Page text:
Eleven-year periodicity in the number of sunspots observed on the Our parent star. The structure of Sun's interior is the result of the hydrostatic equilibrium between gravity and the pressure of the gas. The interior consists of three shells: the core, radiative region, and convective region. Image source: http://eclipse99.nasa.gov/pages/SunActiv.html. The core is the hot, dense central region in which the. Regions on the Sun’s surface that appear dark because they are cooler than the surrounding photosphere, typically by ~1500-1800 K. Sunspots develop and persist for periods ranging from hours to months, and are carried around the surface of the Sun by its rotation. Sunspots travel in pairs (north and south maxima are associated with times of high solar activity (many flares and solar storms). During sunspot minima, there may be no spots visible on the Sun for several days. The number of sunspots present during the maxima varies with each cycle. The 1958 maxima showed the highest sunspot activity on record. There were very few sunspots from 1645-1715, even during the maxima. This interval is called the “Maunder Minimum,” and represented a period of solar inactivity that probably caused the “Little Ice Age” on Earth.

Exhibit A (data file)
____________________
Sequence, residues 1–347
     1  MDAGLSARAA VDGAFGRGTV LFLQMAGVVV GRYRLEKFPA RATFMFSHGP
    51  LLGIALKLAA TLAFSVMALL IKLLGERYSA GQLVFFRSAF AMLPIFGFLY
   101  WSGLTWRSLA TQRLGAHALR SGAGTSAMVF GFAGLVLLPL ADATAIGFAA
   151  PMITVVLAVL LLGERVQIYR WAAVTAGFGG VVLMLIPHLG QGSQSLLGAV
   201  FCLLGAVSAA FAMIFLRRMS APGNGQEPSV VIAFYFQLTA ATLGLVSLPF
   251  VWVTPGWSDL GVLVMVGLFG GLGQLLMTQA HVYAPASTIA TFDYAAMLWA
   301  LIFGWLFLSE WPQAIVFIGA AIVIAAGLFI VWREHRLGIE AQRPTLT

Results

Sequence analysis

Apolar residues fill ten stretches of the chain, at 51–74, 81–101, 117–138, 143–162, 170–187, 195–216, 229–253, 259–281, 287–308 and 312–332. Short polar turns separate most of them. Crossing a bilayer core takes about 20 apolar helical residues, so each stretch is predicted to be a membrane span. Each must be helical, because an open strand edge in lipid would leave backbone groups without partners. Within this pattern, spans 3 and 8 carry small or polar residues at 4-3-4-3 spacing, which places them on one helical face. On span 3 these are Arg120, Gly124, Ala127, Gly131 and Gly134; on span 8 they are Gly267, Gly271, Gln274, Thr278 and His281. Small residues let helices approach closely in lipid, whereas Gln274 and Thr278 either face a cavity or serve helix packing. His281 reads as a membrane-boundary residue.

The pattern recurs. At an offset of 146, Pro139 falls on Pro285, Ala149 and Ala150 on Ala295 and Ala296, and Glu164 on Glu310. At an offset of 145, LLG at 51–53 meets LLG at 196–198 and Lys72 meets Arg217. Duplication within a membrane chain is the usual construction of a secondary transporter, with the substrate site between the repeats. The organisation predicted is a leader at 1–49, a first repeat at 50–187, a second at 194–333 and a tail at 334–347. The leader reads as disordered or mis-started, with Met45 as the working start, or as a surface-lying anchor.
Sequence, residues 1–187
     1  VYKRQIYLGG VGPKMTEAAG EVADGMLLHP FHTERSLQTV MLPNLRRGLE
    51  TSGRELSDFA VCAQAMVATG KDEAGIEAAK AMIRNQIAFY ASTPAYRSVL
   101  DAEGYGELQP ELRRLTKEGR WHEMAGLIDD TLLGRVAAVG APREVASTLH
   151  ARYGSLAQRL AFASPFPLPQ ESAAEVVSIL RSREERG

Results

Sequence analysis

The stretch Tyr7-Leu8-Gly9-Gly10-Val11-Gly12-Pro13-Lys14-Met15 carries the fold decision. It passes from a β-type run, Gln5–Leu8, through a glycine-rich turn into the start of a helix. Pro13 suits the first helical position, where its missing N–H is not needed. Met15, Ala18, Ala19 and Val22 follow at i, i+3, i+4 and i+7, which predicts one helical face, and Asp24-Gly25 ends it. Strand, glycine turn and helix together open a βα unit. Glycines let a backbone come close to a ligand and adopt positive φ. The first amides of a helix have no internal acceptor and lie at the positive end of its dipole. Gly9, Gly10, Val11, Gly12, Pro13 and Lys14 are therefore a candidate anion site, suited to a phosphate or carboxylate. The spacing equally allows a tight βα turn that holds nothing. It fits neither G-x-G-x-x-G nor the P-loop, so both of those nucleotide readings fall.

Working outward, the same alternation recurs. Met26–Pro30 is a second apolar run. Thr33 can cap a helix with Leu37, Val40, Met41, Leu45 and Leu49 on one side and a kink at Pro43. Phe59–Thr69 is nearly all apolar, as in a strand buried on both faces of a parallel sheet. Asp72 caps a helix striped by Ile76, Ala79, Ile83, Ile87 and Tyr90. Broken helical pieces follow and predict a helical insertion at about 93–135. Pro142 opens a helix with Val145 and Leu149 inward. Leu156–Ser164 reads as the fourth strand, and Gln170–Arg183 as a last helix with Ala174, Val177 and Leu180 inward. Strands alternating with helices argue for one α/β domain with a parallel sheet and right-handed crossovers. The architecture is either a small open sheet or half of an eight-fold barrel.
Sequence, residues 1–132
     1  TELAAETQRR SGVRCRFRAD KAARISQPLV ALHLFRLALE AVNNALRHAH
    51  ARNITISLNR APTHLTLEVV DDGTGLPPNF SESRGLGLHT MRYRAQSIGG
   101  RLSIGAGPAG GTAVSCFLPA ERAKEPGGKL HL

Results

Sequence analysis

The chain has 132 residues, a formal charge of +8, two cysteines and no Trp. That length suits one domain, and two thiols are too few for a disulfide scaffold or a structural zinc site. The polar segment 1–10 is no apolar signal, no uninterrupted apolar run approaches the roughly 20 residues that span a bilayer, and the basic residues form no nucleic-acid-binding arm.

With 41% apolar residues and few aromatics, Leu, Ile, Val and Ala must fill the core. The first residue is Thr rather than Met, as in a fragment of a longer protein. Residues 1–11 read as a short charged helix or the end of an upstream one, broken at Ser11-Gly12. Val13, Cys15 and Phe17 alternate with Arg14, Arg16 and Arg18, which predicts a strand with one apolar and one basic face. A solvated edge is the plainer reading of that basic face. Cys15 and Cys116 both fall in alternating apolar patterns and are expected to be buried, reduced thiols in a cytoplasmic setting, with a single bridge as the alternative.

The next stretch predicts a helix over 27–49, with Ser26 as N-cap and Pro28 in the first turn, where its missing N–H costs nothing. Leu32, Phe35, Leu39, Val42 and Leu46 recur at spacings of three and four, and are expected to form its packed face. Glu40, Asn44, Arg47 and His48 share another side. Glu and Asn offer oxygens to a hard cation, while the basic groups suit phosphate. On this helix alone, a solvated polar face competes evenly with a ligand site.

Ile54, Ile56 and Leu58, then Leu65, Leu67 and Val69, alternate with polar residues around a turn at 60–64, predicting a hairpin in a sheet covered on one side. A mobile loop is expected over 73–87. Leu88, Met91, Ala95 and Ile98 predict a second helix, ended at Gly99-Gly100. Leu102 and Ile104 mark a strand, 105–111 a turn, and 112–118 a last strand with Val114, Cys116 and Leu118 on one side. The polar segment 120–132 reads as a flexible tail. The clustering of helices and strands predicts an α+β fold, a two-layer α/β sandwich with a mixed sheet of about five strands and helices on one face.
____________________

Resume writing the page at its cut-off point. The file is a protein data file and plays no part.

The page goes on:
Image source: http://www.theresilientearth.com/?q=content/little-ice-age-ii-sequel